Dependence numbers close to one indicate that the feature is completely predictable using the other features, which means it could be dropped without affecting accuracy. For example, the mean radius is extremely important in predicting mean perimeter and mean area, so we can probably drop those two. It also looks like radius error is important to predicting perimeter error and area error, so we can drop those last two. Mean and worst texture also appear to be dependent, so we can drop one of those too. Similarly, let's drop concavity error and fractal dimension error because compactness error seems to predict them well.
Random Forest is a flexible, easy to use machine learning algorithm that produces, even without hyper-parameter tuning, a great result most of the time. It is also one of the most used algorithms, because it's simplicity and the fact that it can be used for both classification and regression tasks. In this post, you are going to learn, how the random forest algorithm works and several other important things about it. Random Forest is a supervised learning algorithm. Like you can already see from it's name, it creates a forest and makes it somehow random.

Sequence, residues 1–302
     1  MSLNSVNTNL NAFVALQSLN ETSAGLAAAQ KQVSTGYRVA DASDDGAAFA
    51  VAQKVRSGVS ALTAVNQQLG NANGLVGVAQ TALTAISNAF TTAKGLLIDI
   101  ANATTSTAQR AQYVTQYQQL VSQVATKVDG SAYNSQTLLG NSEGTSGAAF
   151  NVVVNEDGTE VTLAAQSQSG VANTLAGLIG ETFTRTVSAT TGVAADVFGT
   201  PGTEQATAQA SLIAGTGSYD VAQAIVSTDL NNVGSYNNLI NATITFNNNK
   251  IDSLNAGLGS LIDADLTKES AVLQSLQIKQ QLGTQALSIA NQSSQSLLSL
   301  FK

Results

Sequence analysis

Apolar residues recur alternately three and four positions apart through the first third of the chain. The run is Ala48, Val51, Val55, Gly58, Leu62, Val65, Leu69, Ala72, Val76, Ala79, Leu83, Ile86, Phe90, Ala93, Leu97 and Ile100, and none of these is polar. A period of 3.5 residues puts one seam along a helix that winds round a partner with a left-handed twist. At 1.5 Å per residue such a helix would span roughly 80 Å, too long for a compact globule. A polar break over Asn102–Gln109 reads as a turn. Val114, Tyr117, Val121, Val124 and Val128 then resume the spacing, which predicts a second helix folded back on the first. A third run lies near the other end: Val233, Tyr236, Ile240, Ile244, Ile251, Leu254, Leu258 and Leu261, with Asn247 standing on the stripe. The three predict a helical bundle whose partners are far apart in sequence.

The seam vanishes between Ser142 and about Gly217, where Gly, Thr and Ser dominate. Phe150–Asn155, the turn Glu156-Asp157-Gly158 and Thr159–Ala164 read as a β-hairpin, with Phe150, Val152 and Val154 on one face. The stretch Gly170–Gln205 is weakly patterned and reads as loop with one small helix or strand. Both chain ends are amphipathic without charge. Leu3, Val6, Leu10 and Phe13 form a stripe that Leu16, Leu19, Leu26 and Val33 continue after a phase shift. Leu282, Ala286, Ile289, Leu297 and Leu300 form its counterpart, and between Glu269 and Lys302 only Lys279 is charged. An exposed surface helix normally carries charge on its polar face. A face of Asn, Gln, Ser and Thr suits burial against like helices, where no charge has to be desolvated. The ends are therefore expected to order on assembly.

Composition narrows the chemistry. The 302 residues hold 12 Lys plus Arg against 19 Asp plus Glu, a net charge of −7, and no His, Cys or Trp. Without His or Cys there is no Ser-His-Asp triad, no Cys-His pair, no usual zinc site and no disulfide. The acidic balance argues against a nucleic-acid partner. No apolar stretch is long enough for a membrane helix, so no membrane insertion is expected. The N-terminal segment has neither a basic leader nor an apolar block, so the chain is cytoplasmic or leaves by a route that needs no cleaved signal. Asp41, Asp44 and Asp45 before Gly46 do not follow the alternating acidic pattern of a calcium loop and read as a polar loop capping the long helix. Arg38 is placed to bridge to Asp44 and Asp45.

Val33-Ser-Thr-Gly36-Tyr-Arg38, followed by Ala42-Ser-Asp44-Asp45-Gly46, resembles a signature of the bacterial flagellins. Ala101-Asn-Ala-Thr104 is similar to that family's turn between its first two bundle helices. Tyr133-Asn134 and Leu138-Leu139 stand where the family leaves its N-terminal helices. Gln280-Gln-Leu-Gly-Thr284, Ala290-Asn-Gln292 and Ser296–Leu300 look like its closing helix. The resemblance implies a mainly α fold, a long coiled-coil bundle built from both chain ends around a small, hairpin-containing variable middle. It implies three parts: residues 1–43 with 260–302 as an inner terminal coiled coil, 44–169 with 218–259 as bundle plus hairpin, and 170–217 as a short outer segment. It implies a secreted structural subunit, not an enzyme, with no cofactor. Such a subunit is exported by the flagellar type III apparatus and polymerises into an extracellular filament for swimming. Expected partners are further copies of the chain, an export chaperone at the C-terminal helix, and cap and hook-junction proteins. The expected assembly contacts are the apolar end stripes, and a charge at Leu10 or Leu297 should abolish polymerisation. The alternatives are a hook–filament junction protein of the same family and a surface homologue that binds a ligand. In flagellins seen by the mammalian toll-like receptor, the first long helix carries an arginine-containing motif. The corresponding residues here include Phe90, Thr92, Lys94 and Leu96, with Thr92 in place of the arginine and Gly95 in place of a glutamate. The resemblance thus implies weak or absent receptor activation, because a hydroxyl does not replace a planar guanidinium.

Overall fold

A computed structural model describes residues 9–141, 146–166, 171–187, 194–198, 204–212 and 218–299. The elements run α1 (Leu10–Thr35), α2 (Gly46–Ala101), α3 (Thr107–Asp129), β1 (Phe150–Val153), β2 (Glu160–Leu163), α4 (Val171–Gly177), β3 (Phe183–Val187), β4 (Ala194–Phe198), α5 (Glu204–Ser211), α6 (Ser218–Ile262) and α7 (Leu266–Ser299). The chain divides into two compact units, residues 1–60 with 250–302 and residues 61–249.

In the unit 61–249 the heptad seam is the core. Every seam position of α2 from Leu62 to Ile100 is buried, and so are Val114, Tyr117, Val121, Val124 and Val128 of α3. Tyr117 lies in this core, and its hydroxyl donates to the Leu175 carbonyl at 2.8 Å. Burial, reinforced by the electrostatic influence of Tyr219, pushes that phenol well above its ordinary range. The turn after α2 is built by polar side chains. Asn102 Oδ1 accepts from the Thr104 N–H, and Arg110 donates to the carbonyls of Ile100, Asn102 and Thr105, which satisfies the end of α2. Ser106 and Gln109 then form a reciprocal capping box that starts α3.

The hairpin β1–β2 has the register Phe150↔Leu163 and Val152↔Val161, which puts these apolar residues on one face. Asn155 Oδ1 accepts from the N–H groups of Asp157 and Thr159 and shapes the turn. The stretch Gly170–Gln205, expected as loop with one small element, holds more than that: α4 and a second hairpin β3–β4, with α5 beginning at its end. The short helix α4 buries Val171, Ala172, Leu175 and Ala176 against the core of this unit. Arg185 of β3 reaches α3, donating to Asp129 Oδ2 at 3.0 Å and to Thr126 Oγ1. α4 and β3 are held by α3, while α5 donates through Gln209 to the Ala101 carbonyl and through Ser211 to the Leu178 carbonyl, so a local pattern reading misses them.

Now you may ask yourself: how do DTs know which features to select and how to split the data? To understand that, we need to get into some details. All DTs perform basically the same task: they examine all the attributes of the dataset to find the ones that give the best possible result by splitting the data into subgroups. They perform this task recursively by splitting subgroups into smaller and smaller units until the Tree is finished (stopped by certain criteria). This decision of making splits heavily affects the Tree's accuracy and performance, and for that decision, DTs can use different algorithms that differ in the possible structure of the Tree (e.g. the number of splits per node), the criteria on how to perform the splits, and when to stop splitting.